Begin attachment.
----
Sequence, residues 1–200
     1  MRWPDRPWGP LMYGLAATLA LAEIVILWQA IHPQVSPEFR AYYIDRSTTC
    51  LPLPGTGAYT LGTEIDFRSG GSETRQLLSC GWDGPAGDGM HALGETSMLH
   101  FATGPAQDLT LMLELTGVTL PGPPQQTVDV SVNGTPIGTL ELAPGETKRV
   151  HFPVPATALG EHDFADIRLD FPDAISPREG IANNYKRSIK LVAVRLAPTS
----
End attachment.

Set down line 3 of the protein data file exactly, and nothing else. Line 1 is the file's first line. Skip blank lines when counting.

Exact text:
    51  LPLPGTGAYT LGTEIDFRSG GSETRQLLSC GWDGPAGDGM HALGETSMLH